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Villages shelter traditions enroached by urbanization

Author  :  Li Yu     Source  :    Chinese Social Sciences Today     2016-03-07

The Spring Festival has always been a holiday that makes people homesick and fills them with nostalgia for Chinese tradition. Many people living in cities long for the kind of idyllic rural life that still thrives in regions south of the Yangtze River in the cluster of traditional villages surrounding Shanghai.

Villages as scarce social resources

A warm atmosphere permeated the old village of Zhaojialou in Pujiang Town, Minxing District, Shanghai, during the Spring Festival. At a market fair, throngs flocked to the street to buy groceries, sample traditional foods and soak in the sights and sounds of the sleepy hamlet. A din of excitement filled the narrow alleys as people jostled with one another on the way. Local delicacies, such as dry-blown duck, braised pig knuckles, bacons, fried pork rinds and New Year’s cakes greeted window shoppers from displays outside the doors of shops while the shopkeepers called out to passersby, inviting them to sample their wares.

Zhaojialou was the first region where the wasteland and virgin soil of Shanghai was reclaimed. It is also where the farming culture and agricultural civilization of Shanghai originated during the early Yuan Dynasty (1271-1368), and the tradition stayed alive during the following two dynasties—Ming (1368-1644) and Qing (1616-1912). Liu Shilin, dean of the Academy of Urban Science at Shanghai Jiao Tong University, said that there are about 10 old villages like Zhaojialou in Shanghai. Some of the most famous are Zhujiajiao, Liantang, Qibao and Fengjing. In highly urbanized areas like Shanghai, such villages are increasingly scarce resources that preserve the historical vestiges and cultural characteristics of the cities that evolved around them.

Revival of cultural tradition

Unlike Zhaojialou village, which is bustling with people, the scene in Fengjing, on the first day of Chinese New Year more closely resembles a scenic resort where tourists relax and enjoy a leisurely time. Fengjing village was once geographically at the intersection of Wu and Yue states, two ancient kingdoms of China. It has been well preserved and is a relatively large time-honored water village in Shanghai. Two-storey wooden buildings crowd the bumpy, stone-paved road. The facade of each household is decorated with ebony lattice windows that open out over the water lane. Lacking the regular structures, new buildings and the crowds of Zhaojialou, Fengjing has a stronger nostalgic appeal.

“The traditional villages are closely related with the past of the cities. Some believe that Shanghai started out as a city from the very beginning when it was built and therefore has little to do with agricultural civilization,” Liu said. “However, it is biased to draw this kind of dichotomy between cities and villages. They are not diametrically opposed to each other. In fact, the preservation and development of these old villages should be based on the recognition of the agricultural tradition of Shanghai though it is a metropolis today.”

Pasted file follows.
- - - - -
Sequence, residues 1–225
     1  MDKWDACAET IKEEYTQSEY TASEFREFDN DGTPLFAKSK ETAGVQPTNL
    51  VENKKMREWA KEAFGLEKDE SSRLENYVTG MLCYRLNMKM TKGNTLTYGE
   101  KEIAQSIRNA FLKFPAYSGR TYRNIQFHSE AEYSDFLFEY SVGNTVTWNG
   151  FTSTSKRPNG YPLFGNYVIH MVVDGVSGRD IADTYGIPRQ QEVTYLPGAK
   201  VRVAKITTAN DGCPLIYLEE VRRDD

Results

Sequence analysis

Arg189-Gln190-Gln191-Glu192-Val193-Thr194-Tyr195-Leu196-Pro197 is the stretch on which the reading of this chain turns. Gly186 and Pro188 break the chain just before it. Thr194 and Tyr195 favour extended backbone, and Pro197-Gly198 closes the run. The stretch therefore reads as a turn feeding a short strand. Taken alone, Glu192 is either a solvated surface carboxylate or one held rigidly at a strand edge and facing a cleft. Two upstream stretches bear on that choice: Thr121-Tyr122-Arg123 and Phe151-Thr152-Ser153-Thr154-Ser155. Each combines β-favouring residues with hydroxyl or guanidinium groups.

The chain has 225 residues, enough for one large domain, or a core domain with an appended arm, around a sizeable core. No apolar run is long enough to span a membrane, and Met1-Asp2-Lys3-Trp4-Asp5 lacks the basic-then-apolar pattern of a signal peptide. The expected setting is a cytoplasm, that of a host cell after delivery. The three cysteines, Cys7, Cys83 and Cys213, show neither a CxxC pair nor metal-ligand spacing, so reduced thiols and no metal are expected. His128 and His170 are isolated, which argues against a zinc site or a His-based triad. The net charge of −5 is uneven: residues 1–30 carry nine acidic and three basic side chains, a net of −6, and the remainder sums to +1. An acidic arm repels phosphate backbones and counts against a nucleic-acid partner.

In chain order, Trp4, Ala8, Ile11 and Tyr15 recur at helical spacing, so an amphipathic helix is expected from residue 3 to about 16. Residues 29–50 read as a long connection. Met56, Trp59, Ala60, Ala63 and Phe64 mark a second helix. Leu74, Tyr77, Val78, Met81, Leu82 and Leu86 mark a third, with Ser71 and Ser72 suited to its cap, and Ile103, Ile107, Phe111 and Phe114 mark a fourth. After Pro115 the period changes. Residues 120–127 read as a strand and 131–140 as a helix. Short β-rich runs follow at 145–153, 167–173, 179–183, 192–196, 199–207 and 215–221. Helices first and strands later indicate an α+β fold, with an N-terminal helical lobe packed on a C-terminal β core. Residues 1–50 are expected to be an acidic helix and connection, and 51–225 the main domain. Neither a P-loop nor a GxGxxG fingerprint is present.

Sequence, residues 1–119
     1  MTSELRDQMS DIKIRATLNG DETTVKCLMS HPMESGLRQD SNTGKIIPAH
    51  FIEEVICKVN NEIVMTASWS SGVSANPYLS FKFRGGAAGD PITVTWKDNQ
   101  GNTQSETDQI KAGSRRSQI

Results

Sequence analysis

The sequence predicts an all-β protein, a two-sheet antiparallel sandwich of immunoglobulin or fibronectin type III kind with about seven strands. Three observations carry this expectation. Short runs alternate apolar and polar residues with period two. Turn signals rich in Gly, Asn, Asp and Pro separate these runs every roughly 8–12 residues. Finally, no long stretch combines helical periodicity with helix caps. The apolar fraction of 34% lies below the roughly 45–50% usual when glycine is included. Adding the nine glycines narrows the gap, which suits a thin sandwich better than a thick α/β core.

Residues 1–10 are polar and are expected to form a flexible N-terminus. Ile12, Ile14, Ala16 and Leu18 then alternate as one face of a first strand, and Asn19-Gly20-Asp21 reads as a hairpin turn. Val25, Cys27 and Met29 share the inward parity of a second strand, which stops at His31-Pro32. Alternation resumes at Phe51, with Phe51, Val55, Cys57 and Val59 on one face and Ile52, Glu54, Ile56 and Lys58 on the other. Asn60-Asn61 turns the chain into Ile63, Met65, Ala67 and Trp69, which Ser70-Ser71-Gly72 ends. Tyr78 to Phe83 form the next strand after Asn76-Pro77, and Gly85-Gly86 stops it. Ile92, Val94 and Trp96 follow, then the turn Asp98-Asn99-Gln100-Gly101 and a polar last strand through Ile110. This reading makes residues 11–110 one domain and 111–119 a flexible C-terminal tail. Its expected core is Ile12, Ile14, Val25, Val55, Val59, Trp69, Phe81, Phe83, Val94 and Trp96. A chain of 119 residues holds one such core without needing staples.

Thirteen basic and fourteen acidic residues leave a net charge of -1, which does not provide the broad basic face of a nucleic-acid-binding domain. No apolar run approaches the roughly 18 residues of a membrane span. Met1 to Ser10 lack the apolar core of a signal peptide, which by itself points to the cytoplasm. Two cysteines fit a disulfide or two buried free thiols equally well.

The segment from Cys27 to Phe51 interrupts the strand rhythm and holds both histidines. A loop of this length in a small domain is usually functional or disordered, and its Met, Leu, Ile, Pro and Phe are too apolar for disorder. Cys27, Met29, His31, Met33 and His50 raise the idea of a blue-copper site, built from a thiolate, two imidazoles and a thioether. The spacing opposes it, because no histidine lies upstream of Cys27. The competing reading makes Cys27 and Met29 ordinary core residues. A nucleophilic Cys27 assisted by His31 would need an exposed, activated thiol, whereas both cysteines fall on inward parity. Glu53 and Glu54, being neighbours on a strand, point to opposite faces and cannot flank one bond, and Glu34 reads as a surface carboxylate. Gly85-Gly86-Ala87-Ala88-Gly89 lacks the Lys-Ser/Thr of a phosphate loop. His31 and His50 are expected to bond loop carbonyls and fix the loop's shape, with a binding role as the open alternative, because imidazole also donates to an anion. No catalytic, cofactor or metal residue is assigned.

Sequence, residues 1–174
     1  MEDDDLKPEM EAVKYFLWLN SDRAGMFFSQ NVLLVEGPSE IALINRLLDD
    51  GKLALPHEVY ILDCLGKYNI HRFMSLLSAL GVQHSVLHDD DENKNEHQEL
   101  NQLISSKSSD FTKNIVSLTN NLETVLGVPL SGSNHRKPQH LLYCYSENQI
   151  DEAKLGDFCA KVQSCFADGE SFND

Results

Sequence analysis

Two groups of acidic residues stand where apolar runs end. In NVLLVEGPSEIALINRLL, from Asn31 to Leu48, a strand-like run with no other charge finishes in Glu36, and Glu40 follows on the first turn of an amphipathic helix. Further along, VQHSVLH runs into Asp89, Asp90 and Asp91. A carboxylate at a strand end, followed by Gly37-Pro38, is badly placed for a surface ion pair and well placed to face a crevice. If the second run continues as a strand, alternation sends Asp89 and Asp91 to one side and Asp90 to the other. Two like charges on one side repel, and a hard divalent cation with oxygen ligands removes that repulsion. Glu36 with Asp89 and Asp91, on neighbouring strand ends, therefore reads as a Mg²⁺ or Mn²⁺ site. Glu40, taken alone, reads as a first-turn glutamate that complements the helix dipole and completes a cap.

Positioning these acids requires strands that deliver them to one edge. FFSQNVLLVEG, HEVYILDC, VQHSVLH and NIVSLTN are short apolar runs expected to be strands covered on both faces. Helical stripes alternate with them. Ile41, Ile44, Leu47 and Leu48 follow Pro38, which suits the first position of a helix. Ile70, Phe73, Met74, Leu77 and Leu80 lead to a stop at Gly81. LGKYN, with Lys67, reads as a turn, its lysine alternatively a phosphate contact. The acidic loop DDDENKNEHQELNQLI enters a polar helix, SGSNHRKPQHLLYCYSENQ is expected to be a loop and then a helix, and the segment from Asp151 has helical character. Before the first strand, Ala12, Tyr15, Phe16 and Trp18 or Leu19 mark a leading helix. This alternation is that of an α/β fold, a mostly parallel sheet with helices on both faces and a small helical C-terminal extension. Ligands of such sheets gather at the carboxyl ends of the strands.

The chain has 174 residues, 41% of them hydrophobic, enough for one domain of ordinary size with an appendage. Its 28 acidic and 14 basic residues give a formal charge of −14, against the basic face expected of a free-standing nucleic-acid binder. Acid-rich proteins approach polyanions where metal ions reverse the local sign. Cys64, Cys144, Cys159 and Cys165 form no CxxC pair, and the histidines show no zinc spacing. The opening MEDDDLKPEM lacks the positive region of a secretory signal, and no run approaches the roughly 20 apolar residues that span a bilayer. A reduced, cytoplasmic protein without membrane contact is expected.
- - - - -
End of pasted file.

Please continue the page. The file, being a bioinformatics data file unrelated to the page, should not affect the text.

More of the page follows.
As Shanghai underwent development from a traditional agricultural civilization to modern urban civilization, it evolved step by step, and today it has a richness that was inherited from its ancient trading history, Liu said. For example, Qinglong village, the history of which dates back to the Tang Dynasty (618-907), cannot be defined completely in the urban sense because in the context of its agricultural civilization in ancient times, the village differed much from cities in lifestyle, commodity production and trade. Therefore, it is worth reflecting on how to integrate the historical and cultural traditions of a city with its modern elements.

To protect and develop ancient villages in Shanghai, it is of paramount importance to revive their culture. The revival and continuation of their cultural traditions and lifestyles is crucial for extending Shanghai’s urban culture because “each metropolis has its own historical background of once being a village in which the fountainhead of agricultural culture can be found,” Liu said. “For the development of the city, what the content brings exceeds that of the form.” Nowadays, mere formality tends to prevail in some regions. Many Westernized designs and exhibitions turn out to be imitations of folk customs and rites, “which ultimately makes the city hollow and mediocre,” added Liu.

Evolutionary views needed

“But it is also noteworthy that it is hard to preserve old villages in an intact way without any alteration because each traditional village will transform itself as its urbanization gradually progresses. New forms will develop along with the villages, which require the contemporary people to regard old villages from an evolutionary point of view. It is important to learn to respect the law of urbanization and carry on the law in a dynamic way,” Liu said.

The preservation of villages also faces the threat of over-exploitation by commercial interests, Liu said, “Therefore, the government needs to shoulder most of the responsibility of protecting villages so that the commercial factors involved can be minimized.”

The priority of village protection is to integrate the task with the development of cities while providing appropriate financial and policy support, Liu said. “Moreover, the fact that the pragmatic function of traditional villages is fading also makes the revival of their cultural heritage important,” he said.

Editor: Yu Hui

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